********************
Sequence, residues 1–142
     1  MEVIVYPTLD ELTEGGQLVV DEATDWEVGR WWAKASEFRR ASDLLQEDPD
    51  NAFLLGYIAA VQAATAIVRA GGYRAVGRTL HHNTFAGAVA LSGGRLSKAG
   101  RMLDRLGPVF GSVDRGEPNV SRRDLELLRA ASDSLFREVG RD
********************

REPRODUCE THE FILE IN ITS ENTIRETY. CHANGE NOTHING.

Sequence, residues 1–142
     1  MEVIVYPTLD ELTEGGQLVV DEATDWEVGR WWAKASEFRR ASDLLQEDPD
    51  NAFLLGYIAA VQAATAIVRA GGYRAVGRTL HHNTFAGAVA LSGGRLSKAG
   101  RMLDRLGPVF GSVDRGEPNV SRRDLELLRA ASDSLFREVG RD